Post by Algot Runeman »

bhajan

Pronunciation: /ˈbʌdʒ(ə)n/
noun
Hinduism
A devotional song.

Origin
From Sanskrit bhajana, from bhaj 'to honour, adore'.

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While we may be more familiar with a hymn to Him, there are other traditions around the world with the same devotional intent. The bhajan is one such.
To whom do you hum, hmm? Is there a her in your vocal focal point?

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[The singers are saying "bhajan pooja", written in Hindi lettering, "bhajan pray" which is probably not actual lyrics.]
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Re: GAME: Word of the Day (WOTD)

Post by Algot Runeman »

pisciculture

Pronunciation: /ˈpɪsɪˌkʌltʃə/
noun
[mass noun]
The controlled breeding and rearing of fish.

Origin
Mid 19th century: from Latin piscis 'fish' + culture, on the pattern of words such as agriculture.

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Even the mighty salmon gets help through pisciculture to endure the modern world.

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Re: GAME: Word of the Day (WOTD)

Post by Algot Runeman »

staddle

Pronunciation: /ˈstad(ə)l/
noun
1 A platform or framework supporting a stack or rick.
1.1 (also staddle stone) A stone, especially one resembling a mushroom in shape, supporting a framework or rick.

Origin
Old English stathol 'base, support', of Germanic origin; related to the verb stand.

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The grain was dry thanks to the staddle stone foundation. The number of smaller vermin were reduced as well.

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Re: GAME: Word of the Day (WOTD)

Post by E Pericoloso Sporgersi »

Algot Runeman wrote:staddle
With half its staddles wading into the lake, the shed had become a modest boathouse.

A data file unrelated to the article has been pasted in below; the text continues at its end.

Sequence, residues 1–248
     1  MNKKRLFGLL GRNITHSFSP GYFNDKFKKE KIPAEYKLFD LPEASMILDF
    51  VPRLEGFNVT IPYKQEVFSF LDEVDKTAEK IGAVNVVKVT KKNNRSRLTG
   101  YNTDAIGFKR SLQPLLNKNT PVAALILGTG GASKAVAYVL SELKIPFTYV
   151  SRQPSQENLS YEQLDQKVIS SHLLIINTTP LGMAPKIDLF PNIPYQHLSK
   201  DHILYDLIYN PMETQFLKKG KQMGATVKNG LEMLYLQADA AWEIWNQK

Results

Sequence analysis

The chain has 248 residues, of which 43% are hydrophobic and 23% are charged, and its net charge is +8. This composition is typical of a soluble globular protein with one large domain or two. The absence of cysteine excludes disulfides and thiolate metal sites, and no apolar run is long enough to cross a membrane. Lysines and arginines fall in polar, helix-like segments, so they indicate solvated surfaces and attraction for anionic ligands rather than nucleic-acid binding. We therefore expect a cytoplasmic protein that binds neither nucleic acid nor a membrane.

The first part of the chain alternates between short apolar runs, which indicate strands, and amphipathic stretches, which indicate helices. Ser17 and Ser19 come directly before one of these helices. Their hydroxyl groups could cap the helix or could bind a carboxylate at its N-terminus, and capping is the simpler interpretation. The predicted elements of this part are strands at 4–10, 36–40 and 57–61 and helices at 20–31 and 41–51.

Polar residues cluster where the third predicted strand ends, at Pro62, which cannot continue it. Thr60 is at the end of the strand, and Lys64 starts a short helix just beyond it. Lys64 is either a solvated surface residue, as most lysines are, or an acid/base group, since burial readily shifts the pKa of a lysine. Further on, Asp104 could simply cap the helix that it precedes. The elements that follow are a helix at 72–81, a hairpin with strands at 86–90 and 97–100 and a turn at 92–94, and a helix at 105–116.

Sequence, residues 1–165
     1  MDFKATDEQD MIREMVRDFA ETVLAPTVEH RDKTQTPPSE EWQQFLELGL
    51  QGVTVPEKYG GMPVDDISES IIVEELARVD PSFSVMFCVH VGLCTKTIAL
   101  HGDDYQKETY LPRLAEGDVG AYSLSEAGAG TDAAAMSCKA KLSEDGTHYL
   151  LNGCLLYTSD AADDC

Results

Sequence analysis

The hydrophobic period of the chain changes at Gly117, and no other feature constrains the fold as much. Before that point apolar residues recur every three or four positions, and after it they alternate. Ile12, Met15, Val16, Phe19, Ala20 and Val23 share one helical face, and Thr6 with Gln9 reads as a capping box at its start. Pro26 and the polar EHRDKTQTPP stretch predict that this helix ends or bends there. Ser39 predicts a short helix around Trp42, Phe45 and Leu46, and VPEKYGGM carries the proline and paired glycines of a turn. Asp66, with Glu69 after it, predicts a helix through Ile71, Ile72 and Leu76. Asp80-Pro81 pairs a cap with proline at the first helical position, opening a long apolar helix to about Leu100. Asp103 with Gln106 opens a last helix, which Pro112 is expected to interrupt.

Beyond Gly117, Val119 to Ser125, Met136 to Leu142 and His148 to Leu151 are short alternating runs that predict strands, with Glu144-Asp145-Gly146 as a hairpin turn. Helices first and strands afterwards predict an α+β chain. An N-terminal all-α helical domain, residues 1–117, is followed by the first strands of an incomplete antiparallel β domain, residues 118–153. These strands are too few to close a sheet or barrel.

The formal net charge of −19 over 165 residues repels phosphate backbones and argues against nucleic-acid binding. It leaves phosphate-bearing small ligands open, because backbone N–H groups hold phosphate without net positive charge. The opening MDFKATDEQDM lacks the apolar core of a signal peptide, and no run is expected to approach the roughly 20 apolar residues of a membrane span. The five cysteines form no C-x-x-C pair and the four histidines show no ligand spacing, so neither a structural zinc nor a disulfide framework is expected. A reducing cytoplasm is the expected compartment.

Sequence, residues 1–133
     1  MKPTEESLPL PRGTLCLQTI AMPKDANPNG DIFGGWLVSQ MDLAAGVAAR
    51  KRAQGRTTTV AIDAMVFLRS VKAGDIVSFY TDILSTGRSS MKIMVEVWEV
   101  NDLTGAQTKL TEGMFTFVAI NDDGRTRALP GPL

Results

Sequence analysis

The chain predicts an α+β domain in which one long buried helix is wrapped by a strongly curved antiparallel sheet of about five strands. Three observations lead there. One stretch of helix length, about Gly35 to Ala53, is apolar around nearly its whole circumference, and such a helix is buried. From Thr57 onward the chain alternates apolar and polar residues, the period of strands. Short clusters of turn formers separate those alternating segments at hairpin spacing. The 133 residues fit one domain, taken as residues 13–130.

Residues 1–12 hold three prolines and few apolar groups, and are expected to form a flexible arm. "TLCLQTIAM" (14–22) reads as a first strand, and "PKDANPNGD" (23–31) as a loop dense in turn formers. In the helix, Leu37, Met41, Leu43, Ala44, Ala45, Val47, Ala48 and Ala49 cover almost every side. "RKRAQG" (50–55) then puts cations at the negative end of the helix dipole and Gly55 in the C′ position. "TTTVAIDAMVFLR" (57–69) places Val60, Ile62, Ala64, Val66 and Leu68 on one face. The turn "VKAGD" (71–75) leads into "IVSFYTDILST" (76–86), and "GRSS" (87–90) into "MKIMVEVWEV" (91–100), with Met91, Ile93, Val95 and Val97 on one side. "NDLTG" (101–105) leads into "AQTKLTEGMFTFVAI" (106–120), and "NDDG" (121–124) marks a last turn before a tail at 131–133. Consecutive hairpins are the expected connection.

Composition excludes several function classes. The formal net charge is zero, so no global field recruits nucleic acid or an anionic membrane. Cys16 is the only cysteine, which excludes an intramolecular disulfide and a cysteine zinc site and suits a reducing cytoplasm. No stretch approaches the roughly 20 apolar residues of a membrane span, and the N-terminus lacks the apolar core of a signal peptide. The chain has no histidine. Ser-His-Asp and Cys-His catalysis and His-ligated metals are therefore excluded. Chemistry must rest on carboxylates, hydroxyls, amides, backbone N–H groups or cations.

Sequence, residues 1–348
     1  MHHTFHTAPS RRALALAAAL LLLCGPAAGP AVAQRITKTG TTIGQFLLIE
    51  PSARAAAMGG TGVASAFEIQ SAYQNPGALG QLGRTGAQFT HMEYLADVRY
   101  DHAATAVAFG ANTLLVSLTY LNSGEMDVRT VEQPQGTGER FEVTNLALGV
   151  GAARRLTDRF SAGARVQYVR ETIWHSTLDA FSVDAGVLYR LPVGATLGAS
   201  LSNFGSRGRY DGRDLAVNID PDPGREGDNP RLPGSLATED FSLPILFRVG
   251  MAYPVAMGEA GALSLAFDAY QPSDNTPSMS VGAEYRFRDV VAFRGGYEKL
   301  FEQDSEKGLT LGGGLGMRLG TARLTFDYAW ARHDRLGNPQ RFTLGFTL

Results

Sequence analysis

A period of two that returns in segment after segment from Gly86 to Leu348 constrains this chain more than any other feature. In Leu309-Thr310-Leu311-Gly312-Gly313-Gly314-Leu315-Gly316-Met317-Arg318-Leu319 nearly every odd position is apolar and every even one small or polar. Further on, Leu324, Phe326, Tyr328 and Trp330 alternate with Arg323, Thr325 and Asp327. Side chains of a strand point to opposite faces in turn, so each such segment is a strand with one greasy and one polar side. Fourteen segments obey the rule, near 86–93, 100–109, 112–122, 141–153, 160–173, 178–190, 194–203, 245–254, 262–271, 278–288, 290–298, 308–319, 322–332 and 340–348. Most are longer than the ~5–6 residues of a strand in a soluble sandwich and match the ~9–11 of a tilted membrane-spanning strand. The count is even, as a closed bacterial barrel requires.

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Re: GAME: Word of the Day (WOTD)

Post by Algot Runeman »

stretch
Pronunciation: /strɛtʃ/
verb
[no object]
1 (Of something soft or elastic) be made or be capable of being made longer or wider without tearing or breaking: my jumper stretched in the wash rubber will stretch easily when pulled
1.1 [with object] Cause (something) to become longer or wider by pulling it: stretch the elastic small squares of canvas were stretched over the bamboo frame
2 Straighten or extend one’s body or a part of one’s body to its full length, typically so as to tighten one’s muscles or in order to reach something: the cat yawned and stretched [with object]: I stretched out a weary arm to turn on my radio stretching my cramped legs we lay stretched out on the sand
[...way more definitions trimmed for sanity...]

Origin
Old English streccan, of West Germanic origin; related to Dutch strekken and German strecken. The noun dates from the late 16th century.

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They say you should stretch yourself. Go beyond a comfort zone. Maybe tomorrow.

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Re: GAME: Word of the Day (WOTD)

Post by E Pericoloso Sporgersi »

Algot Runeman wrote:stretch
You stretch my mind back to my first computer (Dec. 1985 - Sept 1990), which helped push me into the twenty-first century.
In computer science, a Procrustean string is a fixed length string into which strings of varying lengths are placed. If the string inserted is too short, then it is padded out [stretched], usually with spaces or null characters. If the string inserted is too long, it is truncated. The concept is mentioned in the Sinclair ZX81 and Sinclair Spectrum user manuals, where a portion of a string is replaced by another string using Procrustean assignment—the replacement string is truncated or padded [stretched] in order to have length equal to the portion being replaced.
In my Sinclair Spectrum era, I loved the Procrustean method:
There he had a bed, in which he invited every passer-by to spend the night, and where he set to work on them with his smith's hammer, to stretch them to fit. In later tellings, if the guest proved too tall, Procrustes would amputate the excess length; nobody ever fit the bed exactly.